In a new study, researchers found that consuming a diet high in sugar fructose might prevent the proper functioning of peoples’ immune systems.
The research was conducted by a team at the University of Bristol and elsewhere.
Fructose is commonly found in sugary drinks, sweets, and processed foods and is used widely in food production.
It is linked to obesity, type 2 diabetes, and non-alcoholic fatty liver disease and its intake has increased substantially throughout the developed world in recent years.
However, understanding the impact of fructose on the immune system of people who consume it in high levels, has been limited until now.
In the study, the team found that fructose causes the immune system to become inflamed and that process produces more reactive molecules which are linked to inflammation.
Inflammation of this kind can go on to damage cells and tissues and contribute to organs and body systems not working as they should and could lead to disease.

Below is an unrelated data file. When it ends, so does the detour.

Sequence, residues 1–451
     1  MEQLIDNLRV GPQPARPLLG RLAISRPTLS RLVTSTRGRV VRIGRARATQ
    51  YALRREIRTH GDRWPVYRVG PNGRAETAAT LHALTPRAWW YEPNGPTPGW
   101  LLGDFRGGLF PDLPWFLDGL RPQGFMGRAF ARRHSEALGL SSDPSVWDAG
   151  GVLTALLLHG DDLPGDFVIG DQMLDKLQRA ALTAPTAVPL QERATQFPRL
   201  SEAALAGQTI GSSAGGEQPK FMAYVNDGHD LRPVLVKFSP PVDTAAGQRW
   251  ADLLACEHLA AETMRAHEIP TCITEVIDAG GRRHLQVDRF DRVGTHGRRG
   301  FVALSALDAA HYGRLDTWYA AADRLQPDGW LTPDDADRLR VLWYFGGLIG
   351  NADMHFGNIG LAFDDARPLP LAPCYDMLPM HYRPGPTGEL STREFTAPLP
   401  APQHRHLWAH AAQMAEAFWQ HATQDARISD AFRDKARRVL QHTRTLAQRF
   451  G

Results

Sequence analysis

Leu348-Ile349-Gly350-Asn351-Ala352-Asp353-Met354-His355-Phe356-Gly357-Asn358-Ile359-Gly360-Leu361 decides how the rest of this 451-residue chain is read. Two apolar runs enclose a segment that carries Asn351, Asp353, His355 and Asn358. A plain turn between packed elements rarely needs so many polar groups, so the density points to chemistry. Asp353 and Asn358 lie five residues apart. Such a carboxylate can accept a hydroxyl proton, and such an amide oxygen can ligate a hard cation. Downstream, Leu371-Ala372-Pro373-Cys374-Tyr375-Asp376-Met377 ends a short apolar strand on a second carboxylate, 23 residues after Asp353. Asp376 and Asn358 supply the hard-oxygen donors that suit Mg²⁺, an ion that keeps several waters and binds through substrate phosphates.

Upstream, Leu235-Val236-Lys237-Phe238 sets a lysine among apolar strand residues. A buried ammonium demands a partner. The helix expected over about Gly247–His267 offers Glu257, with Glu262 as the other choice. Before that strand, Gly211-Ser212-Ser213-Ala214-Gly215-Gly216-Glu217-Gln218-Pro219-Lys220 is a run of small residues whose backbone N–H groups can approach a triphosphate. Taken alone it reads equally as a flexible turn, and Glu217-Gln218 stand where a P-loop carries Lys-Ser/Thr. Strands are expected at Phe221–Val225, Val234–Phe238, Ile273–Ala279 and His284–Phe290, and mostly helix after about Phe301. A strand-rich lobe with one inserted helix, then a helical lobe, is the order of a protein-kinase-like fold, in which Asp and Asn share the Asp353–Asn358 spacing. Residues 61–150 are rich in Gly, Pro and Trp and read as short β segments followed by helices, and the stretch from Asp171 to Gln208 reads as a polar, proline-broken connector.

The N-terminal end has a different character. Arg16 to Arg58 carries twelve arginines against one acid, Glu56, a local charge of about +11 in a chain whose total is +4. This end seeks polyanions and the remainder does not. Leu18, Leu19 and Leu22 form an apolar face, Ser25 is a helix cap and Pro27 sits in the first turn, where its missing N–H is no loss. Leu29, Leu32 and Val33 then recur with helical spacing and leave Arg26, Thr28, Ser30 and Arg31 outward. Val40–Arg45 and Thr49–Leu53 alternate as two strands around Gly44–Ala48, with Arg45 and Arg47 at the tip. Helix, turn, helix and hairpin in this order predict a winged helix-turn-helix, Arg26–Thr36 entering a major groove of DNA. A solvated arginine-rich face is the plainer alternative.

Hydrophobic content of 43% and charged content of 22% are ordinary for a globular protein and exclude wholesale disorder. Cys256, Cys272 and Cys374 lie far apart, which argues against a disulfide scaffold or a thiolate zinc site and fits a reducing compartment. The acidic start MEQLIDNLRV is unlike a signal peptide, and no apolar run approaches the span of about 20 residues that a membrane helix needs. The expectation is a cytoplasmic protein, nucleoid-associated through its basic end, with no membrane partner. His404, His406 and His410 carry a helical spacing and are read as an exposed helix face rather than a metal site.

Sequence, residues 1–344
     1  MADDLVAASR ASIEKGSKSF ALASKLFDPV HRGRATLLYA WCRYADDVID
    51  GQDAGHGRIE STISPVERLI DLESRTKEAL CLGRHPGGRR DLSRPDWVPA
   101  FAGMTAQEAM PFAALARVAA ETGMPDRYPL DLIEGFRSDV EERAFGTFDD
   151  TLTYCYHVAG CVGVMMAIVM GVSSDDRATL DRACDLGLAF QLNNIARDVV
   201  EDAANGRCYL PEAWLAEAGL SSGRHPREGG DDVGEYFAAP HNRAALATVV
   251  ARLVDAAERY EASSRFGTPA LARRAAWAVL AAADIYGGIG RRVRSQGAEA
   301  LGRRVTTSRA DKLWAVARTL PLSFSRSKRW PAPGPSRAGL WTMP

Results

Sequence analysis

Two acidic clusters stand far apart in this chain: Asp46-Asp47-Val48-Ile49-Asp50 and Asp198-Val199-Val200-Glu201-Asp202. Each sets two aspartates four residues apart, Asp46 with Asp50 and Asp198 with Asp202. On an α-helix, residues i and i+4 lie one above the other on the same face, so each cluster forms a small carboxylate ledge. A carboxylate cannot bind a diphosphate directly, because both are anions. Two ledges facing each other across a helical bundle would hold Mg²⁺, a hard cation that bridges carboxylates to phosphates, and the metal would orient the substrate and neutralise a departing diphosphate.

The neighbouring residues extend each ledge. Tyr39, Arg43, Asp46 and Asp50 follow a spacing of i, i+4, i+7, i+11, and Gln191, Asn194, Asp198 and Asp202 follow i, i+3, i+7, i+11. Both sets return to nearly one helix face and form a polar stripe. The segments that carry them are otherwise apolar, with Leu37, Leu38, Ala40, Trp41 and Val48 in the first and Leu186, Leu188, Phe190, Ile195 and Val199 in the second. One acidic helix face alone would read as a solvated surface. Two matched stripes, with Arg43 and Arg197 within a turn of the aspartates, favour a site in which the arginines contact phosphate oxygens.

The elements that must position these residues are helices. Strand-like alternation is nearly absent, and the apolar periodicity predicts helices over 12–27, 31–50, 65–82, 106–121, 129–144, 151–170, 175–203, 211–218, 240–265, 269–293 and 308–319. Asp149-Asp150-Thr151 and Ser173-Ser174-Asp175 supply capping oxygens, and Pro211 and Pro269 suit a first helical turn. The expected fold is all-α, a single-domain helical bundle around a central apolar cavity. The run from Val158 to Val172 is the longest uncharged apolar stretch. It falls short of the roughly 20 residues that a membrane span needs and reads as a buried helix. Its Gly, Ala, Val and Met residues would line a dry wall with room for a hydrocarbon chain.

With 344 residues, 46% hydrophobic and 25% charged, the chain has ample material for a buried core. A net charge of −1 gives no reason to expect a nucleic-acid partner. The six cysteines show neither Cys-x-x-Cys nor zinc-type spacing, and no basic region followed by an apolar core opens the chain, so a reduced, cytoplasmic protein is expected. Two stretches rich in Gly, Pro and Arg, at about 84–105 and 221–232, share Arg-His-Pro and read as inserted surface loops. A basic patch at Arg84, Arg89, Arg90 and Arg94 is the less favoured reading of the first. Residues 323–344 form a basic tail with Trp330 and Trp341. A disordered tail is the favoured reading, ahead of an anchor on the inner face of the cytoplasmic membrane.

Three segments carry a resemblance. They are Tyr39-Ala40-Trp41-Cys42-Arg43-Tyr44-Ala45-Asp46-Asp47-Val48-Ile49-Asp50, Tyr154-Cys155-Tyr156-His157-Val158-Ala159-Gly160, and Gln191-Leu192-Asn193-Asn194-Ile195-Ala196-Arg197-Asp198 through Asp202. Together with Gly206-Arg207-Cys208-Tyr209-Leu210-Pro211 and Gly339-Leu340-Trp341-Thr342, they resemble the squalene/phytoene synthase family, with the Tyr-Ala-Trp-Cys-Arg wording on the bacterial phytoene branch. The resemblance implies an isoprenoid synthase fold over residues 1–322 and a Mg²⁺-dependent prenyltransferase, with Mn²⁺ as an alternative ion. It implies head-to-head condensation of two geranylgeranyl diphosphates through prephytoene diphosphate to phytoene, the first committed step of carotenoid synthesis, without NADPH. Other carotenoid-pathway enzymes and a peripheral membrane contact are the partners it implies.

The research also brings a deeper understanding of how fructose could be linked to diabetes and obesity—as low-level inflammation is often associated with obesity.
It also builds on the growing body of evidence available to public health policymakers about the damaging effects of consuming high levels of fructose.
The team says research into different components of the diet can help scientists understand what might contribute to inflammation and disease and what could be best harnessed to improve health and wellbeing.
The study is exciting because it takes us a step further towards understanding why some diets can lead to ill health.
One author of the study is Dr. Nick Jones of Swansea University.
The study is published in Nature Communications.
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